U.S. Military Returns Control of Anbar Province to Iraqis

American forces on Monday handed over security responsibility to the Iraqis in a province that the U.S. once feared was lost — a sign of the stunning reversal of fortunes since local Sunnis turned against al-Qaida in Iraq.

But a Sunni Arab leader criticized the Shiite-led government of Prime Minister Nouri al-Maliki for failing to embrace its newfound allies, underlining the threat that sectarian tensions still pose to a lasting peace.

Nevertheless, the transfer of Anbar province, the cradle of the Sunni insurgency and the birthplace of al-Qaida in Iraq, marked a dramatic milestone in America's plan to eventually hand over all 18 provinces to Iraqi control so U.S. troops can go home.

The 25,000 American troops remaining in Anbar will focus on training Iraq's military and police forces and standing by to help if the Iraqis are unable to cope with any surge in violence.

The ceremony was held under tight security in the center of Ramadi, the provincial capital where American troops fought ferocious battles with al-Qaida and other Sunni insurgents until the tide turned in 2007.

"This war is not quite over, but it's being won and primarily by the people of Anbar. Al-Qaida has not been entirely defeated in Anbar, but their end is near and they know it," Marine Maj. Gen. John Kelly, the senior U.S. commander in Anbar, said during the handover ceremony.

President Bush hailed the handover as a major achievement, saying the once-violent province had been "transformed and reclaimed by the Iraqi people."

"Iraqi forces will now take the lead in security operations in Anbar, with American troops moving into an overwatch role," Bush said in a statement. "This achievement is a credit to the courage of our troops, the Iraqi security forces, and the brave tribes and other civilians from Anbar who worked alongside them."

Anbar became the 11th province to revert to Iraqi security control, but it is the most significant because it borders Baghdad. The others have been in the peaceful Kurdish north or in the heavily Shiite south, which has proven less difficult for the Shiite-led government to control.

Anbar, a predominantly Sunni Arab expanse stretching from the western edge of the capital to the borders of Syria, Jordan and Saudi Arabia, was long center stage of the war and a springboard for attacks inside Baghdad.

Al-Qaida used the Euphrates River valley as a corridor for smuggling weapons, fighters and ammunition from Syria into the Sunni heartland and on to Baghdad.

The Anbar city of Fallujah fell under the sway of al-Qaida and other Sunni extremist groups and became the symbol of resistance until U.S. Marines stormed the city in November 2004 in the fiercest urban combat of the Iraq war.

But the loss of Fallujah did not deter the insurgents, who quickly rallied in Ramadi and other cities. In August 2006, a U.S. intelligence report widely leaked to journalists concluded that American forces were powerless to curb the rising power of al-Qaida in Anbar.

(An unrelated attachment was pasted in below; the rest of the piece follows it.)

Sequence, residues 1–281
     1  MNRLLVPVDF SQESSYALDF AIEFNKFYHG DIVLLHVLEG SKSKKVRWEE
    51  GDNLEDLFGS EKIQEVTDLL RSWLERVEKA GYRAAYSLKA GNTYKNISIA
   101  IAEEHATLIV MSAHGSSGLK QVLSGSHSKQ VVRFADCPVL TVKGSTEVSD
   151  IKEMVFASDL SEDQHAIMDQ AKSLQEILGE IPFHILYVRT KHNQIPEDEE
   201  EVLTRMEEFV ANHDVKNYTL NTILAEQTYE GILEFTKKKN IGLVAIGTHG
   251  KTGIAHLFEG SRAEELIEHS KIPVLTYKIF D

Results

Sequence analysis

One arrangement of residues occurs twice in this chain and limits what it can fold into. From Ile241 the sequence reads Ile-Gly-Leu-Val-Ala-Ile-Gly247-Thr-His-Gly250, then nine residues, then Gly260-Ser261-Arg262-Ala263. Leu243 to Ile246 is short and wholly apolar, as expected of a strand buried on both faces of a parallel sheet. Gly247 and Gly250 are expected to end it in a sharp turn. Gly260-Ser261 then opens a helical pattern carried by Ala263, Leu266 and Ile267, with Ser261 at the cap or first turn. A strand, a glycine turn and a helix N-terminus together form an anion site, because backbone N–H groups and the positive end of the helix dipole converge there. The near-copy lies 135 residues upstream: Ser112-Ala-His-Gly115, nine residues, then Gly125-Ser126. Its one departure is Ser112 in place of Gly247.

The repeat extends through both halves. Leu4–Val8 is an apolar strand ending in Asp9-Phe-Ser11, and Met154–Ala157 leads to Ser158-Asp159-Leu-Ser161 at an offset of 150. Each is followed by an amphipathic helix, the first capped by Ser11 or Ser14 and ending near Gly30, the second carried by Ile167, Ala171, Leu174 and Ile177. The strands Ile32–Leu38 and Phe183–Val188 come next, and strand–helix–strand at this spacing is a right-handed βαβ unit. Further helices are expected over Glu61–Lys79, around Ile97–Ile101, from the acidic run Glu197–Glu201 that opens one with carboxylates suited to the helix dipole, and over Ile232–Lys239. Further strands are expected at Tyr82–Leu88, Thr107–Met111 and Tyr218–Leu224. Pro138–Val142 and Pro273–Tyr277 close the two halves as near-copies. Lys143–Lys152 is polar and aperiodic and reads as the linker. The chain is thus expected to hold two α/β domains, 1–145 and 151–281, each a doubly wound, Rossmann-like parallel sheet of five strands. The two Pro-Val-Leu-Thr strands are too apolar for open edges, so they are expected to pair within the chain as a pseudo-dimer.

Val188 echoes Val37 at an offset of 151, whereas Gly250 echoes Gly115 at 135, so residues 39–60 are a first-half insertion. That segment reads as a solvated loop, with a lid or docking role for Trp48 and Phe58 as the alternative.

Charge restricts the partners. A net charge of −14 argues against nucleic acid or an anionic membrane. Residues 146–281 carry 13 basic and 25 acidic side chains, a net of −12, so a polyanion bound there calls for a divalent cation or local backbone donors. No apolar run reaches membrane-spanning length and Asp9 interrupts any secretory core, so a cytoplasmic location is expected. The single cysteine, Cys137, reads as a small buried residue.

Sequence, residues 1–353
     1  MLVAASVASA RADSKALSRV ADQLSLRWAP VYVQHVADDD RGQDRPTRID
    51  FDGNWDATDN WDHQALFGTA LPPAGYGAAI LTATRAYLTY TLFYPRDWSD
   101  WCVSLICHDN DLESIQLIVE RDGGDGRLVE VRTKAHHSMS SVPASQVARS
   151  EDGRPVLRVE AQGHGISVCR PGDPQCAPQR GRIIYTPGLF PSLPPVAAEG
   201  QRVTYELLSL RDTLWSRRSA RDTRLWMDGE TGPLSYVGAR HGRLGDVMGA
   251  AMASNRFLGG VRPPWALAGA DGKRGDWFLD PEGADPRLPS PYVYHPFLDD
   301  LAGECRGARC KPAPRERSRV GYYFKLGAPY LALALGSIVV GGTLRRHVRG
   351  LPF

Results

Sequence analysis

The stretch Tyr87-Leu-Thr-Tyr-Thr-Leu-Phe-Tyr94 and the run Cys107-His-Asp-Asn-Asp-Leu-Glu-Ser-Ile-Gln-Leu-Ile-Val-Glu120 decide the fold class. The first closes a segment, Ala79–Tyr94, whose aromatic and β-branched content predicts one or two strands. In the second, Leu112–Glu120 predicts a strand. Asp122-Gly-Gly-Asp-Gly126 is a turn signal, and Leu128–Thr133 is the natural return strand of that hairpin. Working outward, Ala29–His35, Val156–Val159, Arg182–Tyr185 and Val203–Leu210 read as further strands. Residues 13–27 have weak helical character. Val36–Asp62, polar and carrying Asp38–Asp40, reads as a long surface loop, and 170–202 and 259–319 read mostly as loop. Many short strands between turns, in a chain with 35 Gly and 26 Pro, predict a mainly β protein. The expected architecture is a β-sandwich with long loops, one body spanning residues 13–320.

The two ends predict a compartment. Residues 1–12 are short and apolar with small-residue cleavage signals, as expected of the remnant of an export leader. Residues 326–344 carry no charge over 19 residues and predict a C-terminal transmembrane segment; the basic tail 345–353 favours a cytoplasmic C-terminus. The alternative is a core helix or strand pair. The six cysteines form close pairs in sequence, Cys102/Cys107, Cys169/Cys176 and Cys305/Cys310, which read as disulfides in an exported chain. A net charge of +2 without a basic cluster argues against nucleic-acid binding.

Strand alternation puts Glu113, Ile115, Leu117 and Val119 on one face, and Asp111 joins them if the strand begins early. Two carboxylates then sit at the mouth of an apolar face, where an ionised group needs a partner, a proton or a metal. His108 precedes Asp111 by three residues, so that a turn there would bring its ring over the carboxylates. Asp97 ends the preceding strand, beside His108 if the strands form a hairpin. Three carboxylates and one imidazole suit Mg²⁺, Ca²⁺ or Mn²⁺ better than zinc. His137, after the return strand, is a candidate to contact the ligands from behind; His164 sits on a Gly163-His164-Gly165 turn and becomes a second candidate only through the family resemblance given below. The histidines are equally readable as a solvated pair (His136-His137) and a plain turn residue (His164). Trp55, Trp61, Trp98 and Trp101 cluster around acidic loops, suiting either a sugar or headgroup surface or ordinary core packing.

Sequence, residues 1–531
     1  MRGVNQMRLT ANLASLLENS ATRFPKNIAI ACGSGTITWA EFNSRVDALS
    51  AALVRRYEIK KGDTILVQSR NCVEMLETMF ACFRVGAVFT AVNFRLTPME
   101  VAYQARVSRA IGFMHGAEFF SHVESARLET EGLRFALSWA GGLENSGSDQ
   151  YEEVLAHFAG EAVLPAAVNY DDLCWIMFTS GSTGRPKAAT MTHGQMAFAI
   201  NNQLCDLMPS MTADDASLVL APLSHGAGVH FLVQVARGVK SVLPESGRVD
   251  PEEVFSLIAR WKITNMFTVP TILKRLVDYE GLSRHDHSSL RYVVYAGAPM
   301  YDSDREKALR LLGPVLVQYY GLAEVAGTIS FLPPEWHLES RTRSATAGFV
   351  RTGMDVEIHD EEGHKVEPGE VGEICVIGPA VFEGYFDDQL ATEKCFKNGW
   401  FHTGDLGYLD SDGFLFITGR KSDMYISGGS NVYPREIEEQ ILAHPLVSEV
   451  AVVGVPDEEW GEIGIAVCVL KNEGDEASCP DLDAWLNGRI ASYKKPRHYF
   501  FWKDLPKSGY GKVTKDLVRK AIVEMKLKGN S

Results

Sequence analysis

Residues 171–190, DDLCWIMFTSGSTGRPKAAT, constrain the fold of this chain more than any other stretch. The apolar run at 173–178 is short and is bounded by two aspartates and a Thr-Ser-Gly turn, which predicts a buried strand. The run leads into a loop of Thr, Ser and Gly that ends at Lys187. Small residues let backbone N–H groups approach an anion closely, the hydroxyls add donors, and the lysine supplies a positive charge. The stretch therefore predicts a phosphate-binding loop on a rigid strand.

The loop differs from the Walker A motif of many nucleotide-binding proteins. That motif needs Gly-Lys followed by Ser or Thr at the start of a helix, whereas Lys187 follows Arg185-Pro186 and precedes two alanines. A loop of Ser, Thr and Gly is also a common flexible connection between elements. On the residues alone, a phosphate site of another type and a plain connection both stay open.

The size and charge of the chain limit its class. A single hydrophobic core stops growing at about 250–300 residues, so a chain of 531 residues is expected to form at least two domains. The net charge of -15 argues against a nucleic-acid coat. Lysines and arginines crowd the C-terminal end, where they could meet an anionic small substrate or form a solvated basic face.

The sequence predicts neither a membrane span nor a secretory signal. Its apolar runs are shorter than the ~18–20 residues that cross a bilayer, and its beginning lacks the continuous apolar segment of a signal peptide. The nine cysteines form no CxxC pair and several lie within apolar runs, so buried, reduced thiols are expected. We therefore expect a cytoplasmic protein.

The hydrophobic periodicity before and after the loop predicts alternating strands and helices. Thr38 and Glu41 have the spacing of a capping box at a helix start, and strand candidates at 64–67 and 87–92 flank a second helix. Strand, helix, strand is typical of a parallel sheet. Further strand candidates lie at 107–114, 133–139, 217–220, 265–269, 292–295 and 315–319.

All that reversed dramatically months later when Sunni tribesmen, fed up with al-Qaida's brutality, turned against the movement and joined forces with the U.S. to drive the extremists from the province.

Those Sunni groups, known as "awakening councils," became the model for similar grass-roots movements elsewhere in Iraq credited by U.S. officials with helping curb the bloodshed that had pushed Iraq to the brink of all-out civil war.

Late Monday, a Sunni awakening leader in a nearby province, Imad al-Mashhdani, was wounded when a suicide bomber blew himself up near the sheik's home 30 miles north of Baghdad, police said.

Nevertheless, the Shiite-led national government never fully embraced the Sunni turncoats, fearing they might turn their guns on Shiites some day. The government has moved in recent weeks to crack down on such groups, who drew their members from the ranks of former insurgents and veterans of Saddam Hussein's security services.

During the handover ceremony, Ahmed Abu Risha, whose late brother spearheaded the Sunni revolt against al-Qaida, alluded to strains over the crackdown, saying the government should appreciate the Sunnis' role in curbing violence and not judge them because of "their positions" in the Saddam regime.

U.S. troops had planned to hand over Anbar in late June but postponed the ceremony because of sandstorms and a suicide attack that killed three Marines and 20 Iraqis, including locally prominent sheiks.

Sunni politicians in Anbar had asked the U.S. to delay the transfer until next year because of a continuing power struggle between the awakening councils and the main Sunni political party over control of the province.

Lt. Gen. Lloyd J. Austin III, the No. 2 U.S. commander in Iraq, alluded to the power conflict, expressing hope that al-Qaida would not exploit political rivalries to attempt a comeback.

"We know that while al-Qaida may be in disarray, it is not yet completely defeated," Austin said during the ceremony. "And our common enemy is both patient and resilient. But I know the people of Anbar province will not allow al-Qaida the opportunity to destabilize the security progress that has been made here."